Lumpectomy or Mastectomy Surgical Treatment Options for Breast Cancer

Mercy Breast Center

With many (especially early stage) breast cancer cases, surgery to remove the cancer is part of the treatment. Sometimes breast cancer surgery is performed after chemotherapy or hormonal therapy is given to shrink the tumor (neoadjuvant treatment). Breast cancer surgery removes the primary tumor and helps accurately stage the disease.

What is Breast Conserving Surgery (Lumpectomy or Partial Mastectomy)?

Breast conserving surgery involves removal of the cancer with a rim of normal tissue (negative margins). This leaves the breast intact, usually with a good cosmetic outcome. There is frequently some reduction in the size of the breast, or more frequently, a flattening of the contour of the breast in the area of the surgery.

There are two surgical options to remove the cancer but not the breast (breast conserving surgery):

  • Lumpectomy – removal of the tumor or lump and some of the normal tissue around it.
  • Partial Mastectomy – removal of the section of the breast that has cancer and some of the normal tissue around it.

Breast conserving surgery also typically includes a sentinel lymph node biopsy, in which the surgeon identifies and removes the sentinel lymph node (or first lymph node the cancer is likely to spread to) to determine whether or not cancer has spread.

Breast conserving surgery should be followed by radiation treatment in the majority of patients, otherwise there would be a very high risk of the cancer coming back in the same area (25-30% risk). Radiation treatment reduces this risk of local recurrence to 5-10% or less. Patients who receive a lumpectomy may be candidates for a one-time, targeted dose of radiation therapy called Intraoperative Radiotherapy (IORT). This treatment eliminates the need for patients to return to the hospital multiple times (typically an additional six) to receive radiation treatment.

All patients are not candidates for breast conserving surgery. In some cases, your doctor may recommend a mastectomy, or the removal of the entire breast that has cancer.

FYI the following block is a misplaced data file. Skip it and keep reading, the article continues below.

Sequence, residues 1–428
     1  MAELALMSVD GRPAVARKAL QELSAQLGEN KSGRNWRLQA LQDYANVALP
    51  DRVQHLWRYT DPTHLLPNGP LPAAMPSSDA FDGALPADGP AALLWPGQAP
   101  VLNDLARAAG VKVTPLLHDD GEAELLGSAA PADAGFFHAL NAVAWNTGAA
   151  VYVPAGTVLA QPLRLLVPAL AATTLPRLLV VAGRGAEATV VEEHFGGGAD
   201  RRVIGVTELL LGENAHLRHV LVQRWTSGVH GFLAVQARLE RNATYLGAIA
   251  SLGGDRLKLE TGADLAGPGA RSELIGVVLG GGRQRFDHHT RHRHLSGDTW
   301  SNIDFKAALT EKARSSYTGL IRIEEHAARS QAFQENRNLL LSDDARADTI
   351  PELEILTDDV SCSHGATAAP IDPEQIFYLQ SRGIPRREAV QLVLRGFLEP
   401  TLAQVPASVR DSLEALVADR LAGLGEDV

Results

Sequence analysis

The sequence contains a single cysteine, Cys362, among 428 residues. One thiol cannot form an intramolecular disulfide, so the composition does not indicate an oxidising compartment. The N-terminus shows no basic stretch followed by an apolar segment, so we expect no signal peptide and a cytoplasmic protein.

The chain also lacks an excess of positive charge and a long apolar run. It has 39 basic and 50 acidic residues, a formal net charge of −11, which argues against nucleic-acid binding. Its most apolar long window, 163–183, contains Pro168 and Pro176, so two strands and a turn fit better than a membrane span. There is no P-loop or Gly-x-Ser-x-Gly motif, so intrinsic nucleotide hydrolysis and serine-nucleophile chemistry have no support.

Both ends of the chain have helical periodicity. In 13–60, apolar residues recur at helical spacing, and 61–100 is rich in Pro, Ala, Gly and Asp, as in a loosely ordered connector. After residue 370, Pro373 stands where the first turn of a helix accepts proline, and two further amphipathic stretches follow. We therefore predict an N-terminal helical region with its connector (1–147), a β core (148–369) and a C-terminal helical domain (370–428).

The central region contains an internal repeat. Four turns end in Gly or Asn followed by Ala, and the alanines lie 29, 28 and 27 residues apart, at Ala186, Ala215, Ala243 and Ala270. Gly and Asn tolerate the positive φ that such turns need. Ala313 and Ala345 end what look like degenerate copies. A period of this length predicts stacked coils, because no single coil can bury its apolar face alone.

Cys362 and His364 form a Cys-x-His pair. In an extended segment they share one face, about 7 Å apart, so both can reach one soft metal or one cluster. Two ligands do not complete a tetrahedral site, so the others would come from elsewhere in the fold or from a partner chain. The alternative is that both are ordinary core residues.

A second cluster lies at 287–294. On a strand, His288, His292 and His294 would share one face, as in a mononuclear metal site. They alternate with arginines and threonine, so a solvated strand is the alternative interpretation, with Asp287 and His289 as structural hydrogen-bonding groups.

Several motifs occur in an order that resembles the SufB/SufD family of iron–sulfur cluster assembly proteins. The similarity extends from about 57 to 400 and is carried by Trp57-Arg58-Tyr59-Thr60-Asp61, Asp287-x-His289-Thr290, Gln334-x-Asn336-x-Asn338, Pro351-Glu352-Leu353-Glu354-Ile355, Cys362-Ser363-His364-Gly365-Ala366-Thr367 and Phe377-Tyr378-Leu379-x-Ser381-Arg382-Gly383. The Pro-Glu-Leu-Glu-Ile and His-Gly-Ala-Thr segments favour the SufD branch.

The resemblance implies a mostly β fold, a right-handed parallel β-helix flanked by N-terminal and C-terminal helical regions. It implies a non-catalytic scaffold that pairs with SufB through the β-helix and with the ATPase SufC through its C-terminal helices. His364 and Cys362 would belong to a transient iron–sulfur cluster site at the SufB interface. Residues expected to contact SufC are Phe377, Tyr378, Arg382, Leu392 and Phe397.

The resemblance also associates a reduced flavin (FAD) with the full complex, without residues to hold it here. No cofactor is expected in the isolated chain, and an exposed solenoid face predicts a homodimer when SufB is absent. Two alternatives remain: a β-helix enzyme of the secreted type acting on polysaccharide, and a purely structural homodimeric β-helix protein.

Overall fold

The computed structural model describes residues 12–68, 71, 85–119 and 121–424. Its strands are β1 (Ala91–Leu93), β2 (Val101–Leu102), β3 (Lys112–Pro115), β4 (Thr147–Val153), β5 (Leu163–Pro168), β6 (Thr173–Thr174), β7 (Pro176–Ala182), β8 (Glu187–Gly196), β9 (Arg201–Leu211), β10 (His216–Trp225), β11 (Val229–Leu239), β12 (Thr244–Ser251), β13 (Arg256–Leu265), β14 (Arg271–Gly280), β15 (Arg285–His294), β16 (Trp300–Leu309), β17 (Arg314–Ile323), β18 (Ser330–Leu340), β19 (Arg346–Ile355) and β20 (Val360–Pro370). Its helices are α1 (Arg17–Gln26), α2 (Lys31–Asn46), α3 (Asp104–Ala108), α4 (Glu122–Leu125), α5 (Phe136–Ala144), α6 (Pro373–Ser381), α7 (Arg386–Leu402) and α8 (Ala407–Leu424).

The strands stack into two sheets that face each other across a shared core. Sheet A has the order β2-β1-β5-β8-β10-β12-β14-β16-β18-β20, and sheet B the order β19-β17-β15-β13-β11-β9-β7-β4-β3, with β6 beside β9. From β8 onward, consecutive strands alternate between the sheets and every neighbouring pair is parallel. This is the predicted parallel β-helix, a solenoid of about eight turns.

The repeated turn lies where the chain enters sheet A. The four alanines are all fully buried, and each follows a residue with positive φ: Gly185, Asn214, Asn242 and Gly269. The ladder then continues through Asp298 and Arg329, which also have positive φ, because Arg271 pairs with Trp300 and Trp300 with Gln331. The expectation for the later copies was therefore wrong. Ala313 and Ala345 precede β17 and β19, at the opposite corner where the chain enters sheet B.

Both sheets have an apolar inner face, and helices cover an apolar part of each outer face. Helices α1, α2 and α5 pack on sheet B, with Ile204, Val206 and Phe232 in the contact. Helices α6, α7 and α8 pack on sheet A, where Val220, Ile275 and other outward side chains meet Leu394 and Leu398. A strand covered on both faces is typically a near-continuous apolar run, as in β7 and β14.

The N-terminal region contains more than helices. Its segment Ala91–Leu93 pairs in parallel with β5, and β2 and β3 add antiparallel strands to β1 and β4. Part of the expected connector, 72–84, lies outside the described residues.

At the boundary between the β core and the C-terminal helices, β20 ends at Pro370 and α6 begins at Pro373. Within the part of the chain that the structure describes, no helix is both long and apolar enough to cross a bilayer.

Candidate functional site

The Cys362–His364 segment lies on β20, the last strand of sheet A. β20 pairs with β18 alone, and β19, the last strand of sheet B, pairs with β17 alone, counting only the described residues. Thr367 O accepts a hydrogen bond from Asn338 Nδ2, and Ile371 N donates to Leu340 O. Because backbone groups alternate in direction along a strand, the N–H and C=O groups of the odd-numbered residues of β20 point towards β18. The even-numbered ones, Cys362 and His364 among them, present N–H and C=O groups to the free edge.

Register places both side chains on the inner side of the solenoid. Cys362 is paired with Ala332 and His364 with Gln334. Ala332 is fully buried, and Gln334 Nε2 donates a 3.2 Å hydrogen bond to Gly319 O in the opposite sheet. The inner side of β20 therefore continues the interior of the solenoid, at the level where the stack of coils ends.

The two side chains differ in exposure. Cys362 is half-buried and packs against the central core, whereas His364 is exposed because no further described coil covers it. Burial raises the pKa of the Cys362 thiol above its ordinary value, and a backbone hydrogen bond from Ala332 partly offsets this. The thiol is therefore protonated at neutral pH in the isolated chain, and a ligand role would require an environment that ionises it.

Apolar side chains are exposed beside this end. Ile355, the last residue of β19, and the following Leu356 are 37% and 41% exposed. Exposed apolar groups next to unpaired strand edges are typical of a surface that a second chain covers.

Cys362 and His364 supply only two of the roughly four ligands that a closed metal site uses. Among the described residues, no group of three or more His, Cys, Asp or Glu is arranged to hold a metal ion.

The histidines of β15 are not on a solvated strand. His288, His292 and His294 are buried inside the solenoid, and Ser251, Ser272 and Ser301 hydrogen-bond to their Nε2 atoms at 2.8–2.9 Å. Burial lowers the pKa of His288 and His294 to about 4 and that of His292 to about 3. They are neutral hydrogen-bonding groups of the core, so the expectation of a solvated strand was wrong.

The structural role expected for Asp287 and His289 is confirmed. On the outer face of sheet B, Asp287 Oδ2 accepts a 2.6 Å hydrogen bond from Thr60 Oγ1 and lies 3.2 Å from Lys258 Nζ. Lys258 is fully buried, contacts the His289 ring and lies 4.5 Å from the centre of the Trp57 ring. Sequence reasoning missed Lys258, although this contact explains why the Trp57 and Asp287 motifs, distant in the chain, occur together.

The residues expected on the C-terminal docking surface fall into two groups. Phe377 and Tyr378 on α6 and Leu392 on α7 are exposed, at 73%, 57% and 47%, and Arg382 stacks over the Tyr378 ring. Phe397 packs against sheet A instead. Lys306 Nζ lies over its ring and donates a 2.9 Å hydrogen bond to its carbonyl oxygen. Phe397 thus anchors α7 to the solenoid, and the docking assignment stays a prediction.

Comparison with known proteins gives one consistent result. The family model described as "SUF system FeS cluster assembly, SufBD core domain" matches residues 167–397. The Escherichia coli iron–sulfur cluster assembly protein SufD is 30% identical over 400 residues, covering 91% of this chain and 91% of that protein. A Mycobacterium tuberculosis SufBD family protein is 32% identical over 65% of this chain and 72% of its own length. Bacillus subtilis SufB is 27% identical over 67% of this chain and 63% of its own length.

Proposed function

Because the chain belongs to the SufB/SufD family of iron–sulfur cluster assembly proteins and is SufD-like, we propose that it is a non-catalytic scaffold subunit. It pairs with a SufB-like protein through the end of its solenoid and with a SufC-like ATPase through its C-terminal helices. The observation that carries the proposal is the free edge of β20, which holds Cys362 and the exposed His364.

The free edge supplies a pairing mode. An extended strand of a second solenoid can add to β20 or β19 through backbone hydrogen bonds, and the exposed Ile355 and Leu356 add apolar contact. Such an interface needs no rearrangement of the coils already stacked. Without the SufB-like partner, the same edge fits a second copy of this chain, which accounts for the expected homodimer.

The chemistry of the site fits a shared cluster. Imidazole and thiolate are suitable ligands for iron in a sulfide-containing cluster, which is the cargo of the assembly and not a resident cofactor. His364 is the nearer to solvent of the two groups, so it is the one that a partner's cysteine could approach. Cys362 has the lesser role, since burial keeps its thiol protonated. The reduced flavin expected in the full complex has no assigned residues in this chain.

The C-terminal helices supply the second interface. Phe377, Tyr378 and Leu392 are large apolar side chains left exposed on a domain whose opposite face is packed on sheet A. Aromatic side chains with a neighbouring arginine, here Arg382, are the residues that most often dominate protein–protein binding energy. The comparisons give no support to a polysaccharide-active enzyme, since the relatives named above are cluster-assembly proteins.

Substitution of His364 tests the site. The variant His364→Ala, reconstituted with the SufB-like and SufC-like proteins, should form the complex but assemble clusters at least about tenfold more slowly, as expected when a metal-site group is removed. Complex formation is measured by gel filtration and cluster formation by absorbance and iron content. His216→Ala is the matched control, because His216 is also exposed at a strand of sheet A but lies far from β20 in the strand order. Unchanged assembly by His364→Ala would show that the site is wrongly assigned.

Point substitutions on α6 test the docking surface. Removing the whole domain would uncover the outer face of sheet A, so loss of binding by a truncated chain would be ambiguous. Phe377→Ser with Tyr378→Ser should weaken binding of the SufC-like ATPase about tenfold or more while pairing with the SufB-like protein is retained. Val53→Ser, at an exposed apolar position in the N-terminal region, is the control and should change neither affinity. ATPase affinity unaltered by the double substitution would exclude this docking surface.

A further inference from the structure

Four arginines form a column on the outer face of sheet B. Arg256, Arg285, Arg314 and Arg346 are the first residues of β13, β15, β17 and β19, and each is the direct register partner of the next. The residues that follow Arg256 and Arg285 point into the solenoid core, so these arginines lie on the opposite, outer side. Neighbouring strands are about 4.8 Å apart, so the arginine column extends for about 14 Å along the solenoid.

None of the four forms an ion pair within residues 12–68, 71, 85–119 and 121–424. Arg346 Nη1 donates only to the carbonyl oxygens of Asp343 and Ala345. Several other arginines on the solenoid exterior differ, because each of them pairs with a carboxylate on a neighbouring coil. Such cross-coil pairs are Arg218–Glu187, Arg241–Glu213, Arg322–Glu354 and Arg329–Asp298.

NEXT: What is a Mastectomy? ›
What is a Mastectomy?

A mastectomy is surgery to remove the entire breast that has cancer. A mastectomy is likely to be recommended if the breast cancer is too big, is located in the center of the breast, is large relative to the size of the breast, or is located in multiple different areas of the breast.

If a woman has to have a mastectomy, she can consider wearing a breast prosthesis in her bra, undergoing breast reconstruction surgery or neither one. Breast reconstruction surgery is performed to create a new breast using either implants or tissue from another area of the body.

The one benefit of a mastectomy is that most patients with early stage breast cancer do not require radiation. However with larger tumors, or if multiple lymph nodes are involved, patients need radiation treatment in addition to the mastectomy to reduce the risk of the cancer coming back.

A mastectomy also typically includes a sentinel lymph node biopsy, in which the surgeon identifies and removes the sentinel lymph node (or first lymph node the cancer is likely to spread to) to determine whether or not cancer has spread.

It is important to understand that there is no difference in survival with a mastectomy or lumpectomy. This is why patients are frequently given the choice, and they can decide which option suits them best. As noted above, there are instances where mastectomy is the only option.

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